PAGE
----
An essential part of simulation modeling is simulation runtime. Large discrete-event simulation models and even medium-sized agent-based simulation models consume computational ressources and can have a very long runtime. This is especially true if the source code is fully written in Python. I therefore conducted some tests with Numba in Python. I share my results here. I run a simple test on a test function in Python.
Installing Numba for faster Python programs
Numba can be installed using the pip install command. Simply type the following into your terminal:
pip install numba
For lists I recommend that you use numpy (i.e. numpy arrays), as this will allow you to avoid default Python list. If not already installed you can install numpy in the same way:
pip install numpy
You can now import numpy and numba and use numba to make your code run faster. For this you can use the @njit decorator.
Testing how numba results in faster Python programs
Time to have a look at a simple runtime improvement test in Python. Below code implements Numba to have a faster Python program.
import numpy as np from numba import jit import random import time def rand_events(n: int) -> np.ndarray: ls = np.zeros(n) for i in range(n): x = random.random() while True: y = random.random() if x < y: ls[i] = y break return ls """ RUNTIME TEST WITHOUT NUMBA -------------------------- """ _start_time = time.time() vals = rand_events(10000000) _end_time = time.time() print(str(_end_time - _start_time)) """ RUNTIME TEST WITH NUMBA ------------------------------ """ _start_time = time.time() jit_rand_events = jit(nopython=True)(rand_events) vals = jit_rand_events(10000000) _end_time = time.time() print(str(_end_time-_start_time)) _start_time = time.time() vals = jit_rand_events(10000000) _end_time = time.time() print(str(_end_time-_start_time))
In above code calling jit(nopython=True) equals the use of the @njit declarator. When running above code the output in the terminal will be something similar to the following (depends on machine and random number generation outcome)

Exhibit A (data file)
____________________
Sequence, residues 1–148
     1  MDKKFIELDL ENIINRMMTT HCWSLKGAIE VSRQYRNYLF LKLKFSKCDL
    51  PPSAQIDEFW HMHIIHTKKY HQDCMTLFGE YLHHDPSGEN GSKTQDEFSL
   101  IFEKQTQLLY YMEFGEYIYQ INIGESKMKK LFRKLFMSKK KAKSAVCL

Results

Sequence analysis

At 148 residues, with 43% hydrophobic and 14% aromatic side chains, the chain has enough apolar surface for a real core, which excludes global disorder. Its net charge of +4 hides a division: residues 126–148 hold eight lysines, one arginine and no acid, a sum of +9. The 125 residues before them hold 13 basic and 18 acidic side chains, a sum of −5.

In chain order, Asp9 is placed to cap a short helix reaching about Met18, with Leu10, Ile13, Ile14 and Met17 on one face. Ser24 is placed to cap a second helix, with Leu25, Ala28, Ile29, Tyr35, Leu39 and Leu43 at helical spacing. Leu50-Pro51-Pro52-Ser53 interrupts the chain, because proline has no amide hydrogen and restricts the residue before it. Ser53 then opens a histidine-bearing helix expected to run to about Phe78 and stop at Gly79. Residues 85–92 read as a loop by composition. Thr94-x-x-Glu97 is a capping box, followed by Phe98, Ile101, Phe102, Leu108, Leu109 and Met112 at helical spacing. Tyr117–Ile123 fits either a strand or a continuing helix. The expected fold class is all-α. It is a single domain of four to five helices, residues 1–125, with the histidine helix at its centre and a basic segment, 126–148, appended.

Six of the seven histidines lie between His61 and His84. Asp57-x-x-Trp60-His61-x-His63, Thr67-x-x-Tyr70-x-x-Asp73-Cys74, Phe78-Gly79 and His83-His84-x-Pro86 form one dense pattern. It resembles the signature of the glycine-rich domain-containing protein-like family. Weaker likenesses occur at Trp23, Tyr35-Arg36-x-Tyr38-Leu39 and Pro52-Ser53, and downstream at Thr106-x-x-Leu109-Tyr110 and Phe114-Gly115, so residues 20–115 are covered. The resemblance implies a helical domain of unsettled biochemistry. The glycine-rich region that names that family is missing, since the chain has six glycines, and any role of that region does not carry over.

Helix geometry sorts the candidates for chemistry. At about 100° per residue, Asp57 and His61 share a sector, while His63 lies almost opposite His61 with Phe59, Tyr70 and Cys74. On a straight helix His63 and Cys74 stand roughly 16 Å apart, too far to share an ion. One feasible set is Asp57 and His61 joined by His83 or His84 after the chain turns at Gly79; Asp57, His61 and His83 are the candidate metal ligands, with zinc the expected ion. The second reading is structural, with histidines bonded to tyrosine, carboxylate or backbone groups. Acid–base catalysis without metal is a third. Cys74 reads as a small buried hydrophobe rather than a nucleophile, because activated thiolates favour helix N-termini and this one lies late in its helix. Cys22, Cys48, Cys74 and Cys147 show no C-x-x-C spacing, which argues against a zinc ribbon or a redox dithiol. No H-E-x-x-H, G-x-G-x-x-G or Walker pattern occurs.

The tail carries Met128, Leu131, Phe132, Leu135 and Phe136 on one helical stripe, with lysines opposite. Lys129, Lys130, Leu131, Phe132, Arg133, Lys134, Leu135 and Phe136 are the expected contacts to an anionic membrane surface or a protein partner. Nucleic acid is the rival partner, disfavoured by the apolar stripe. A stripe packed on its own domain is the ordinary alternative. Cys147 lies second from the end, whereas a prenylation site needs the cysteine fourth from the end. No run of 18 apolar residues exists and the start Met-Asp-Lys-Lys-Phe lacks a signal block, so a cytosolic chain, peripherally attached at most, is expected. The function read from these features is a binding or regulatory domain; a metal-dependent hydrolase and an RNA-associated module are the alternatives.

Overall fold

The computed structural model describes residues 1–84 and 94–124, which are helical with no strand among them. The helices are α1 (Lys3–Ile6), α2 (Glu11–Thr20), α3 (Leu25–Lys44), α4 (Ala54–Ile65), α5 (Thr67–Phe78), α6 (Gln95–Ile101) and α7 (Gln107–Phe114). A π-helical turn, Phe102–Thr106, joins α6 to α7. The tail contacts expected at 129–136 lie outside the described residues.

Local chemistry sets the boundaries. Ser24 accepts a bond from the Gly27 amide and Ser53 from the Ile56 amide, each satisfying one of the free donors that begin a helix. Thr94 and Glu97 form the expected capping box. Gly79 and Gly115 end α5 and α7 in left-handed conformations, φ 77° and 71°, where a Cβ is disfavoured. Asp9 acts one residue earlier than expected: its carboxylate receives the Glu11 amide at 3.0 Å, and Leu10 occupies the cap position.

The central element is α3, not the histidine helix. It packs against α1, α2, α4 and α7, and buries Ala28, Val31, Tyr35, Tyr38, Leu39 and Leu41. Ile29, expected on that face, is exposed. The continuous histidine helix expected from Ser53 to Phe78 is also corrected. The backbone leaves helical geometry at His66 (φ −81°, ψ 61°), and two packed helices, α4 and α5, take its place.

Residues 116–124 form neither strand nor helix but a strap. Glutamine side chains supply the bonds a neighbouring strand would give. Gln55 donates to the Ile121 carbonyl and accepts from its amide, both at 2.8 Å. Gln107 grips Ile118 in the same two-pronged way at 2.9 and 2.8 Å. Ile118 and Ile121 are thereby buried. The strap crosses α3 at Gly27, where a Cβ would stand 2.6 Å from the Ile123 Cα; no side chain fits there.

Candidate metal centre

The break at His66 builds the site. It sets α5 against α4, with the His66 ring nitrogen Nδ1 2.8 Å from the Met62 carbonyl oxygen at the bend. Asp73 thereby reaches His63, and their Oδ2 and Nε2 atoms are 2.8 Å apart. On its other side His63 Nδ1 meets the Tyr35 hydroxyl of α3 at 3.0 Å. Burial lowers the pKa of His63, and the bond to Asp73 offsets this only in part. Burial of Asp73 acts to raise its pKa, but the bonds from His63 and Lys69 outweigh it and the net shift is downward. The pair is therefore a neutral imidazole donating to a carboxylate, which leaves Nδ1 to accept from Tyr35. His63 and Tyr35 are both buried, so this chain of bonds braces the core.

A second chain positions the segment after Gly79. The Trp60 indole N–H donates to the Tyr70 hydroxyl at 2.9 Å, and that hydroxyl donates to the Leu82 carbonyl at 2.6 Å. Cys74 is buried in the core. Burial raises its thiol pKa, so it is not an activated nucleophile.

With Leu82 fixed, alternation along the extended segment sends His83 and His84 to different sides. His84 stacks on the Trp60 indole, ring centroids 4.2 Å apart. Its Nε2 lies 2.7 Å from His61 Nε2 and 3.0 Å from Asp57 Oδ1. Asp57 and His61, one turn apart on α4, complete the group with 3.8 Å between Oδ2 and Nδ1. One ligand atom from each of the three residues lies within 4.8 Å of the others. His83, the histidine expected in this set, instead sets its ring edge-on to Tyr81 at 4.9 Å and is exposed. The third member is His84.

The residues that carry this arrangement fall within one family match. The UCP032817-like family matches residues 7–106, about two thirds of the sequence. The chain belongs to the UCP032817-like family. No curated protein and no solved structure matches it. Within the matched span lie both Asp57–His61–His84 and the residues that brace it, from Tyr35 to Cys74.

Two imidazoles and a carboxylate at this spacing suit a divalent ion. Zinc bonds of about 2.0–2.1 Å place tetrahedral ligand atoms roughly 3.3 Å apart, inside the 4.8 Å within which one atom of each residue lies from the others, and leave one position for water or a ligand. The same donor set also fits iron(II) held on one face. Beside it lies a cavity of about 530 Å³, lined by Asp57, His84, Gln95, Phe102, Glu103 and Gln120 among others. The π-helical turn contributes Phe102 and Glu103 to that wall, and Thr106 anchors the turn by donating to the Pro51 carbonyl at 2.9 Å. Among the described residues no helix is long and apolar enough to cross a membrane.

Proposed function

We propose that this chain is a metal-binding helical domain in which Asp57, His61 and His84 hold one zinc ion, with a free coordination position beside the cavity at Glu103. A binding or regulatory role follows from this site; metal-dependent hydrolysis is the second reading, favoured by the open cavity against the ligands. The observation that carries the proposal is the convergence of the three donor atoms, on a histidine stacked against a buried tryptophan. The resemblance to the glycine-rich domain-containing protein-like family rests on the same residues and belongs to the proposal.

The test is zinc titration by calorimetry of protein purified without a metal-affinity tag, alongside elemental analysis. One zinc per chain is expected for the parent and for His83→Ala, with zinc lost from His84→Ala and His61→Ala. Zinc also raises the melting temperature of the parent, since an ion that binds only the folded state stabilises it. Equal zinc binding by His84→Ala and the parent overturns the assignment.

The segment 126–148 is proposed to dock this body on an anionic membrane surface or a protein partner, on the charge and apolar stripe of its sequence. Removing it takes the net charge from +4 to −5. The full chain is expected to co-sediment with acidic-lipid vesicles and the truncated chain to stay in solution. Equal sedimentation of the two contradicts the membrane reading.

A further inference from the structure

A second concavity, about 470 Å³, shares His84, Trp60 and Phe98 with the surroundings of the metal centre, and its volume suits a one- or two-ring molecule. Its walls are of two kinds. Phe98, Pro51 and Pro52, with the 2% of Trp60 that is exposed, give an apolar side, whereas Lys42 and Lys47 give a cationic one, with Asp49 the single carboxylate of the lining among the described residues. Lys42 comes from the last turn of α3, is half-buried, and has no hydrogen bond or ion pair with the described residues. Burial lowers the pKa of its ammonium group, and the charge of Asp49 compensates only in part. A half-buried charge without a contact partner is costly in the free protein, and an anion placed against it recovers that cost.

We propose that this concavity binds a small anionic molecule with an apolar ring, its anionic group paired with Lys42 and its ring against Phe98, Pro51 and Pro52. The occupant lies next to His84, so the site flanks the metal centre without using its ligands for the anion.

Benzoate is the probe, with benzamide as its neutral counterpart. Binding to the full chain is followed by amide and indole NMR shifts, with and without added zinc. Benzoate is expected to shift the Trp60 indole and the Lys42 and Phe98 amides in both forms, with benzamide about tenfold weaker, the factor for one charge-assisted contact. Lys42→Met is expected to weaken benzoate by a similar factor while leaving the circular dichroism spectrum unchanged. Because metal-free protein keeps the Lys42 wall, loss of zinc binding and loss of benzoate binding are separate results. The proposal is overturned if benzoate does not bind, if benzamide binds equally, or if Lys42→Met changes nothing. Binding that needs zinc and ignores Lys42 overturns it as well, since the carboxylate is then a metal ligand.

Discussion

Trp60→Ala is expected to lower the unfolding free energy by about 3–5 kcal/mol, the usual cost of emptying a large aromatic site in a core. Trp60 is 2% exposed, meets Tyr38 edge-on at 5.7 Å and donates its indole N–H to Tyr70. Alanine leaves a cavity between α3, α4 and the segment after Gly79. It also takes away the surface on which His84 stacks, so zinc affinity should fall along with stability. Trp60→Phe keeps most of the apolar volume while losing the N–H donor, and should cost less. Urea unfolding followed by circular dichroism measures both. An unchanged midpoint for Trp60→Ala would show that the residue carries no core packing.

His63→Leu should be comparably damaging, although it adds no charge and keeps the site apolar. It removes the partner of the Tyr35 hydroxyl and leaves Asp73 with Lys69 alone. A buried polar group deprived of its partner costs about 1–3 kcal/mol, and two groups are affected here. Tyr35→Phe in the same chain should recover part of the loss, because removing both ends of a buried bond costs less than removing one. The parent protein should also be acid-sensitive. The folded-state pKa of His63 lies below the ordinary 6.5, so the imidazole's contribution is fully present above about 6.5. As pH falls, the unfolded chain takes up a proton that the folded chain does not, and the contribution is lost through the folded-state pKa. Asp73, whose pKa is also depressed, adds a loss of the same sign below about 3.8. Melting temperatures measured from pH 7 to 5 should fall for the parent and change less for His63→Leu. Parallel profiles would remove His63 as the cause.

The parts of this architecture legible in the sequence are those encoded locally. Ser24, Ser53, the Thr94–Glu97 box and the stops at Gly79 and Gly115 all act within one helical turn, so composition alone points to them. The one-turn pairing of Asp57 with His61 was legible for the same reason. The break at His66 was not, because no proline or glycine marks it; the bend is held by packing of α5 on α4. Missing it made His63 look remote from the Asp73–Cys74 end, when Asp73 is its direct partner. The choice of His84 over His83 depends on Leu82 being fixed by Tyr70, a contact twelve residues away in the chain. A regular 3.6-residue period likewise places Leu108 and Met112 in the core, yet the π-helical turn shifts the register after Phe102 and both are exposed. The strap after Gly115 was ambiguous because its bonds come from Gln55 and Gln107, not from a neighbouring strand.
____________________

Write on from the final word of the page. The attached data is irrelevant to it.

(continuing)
9.1829195022583 1.2913379669189453 0.8751001358032227
This means that it took 9.18 sec to call the rand_events() function with n = 10,000,000. After applying the @njit declarator and running the function again, it takes only 1.29 sec (including “jitting” the function). Without the call of the @njit declarator it would take 0.87 sec to call the “jitted” version of rand_events(). That is a significant runtime improvement.
The first time a numba-optimized function is executed it takes more time to execute it. For everytime the function is executed after that the runtime is significantly shorter. For this please also see the following example:
In above monte-carlo simulation example I improved simulation runtime by factor 25 – thanks numba.
Applying Numba for faster Python simulations
numba can make simulation frameworks faster. But only if major parts of the framework are numerically oriented. In addition, the framework should integrate numpy, as numba understands numpy very well. In a strongly object oriented framework this can be a challenge. But if you can manage to transform computationally intensive parts of the code into numerical code then numba can result in significant runtime improvements of Python code.
Data scientist focusing on simulation, optimization and modeling in R, SQL, VBA and Python
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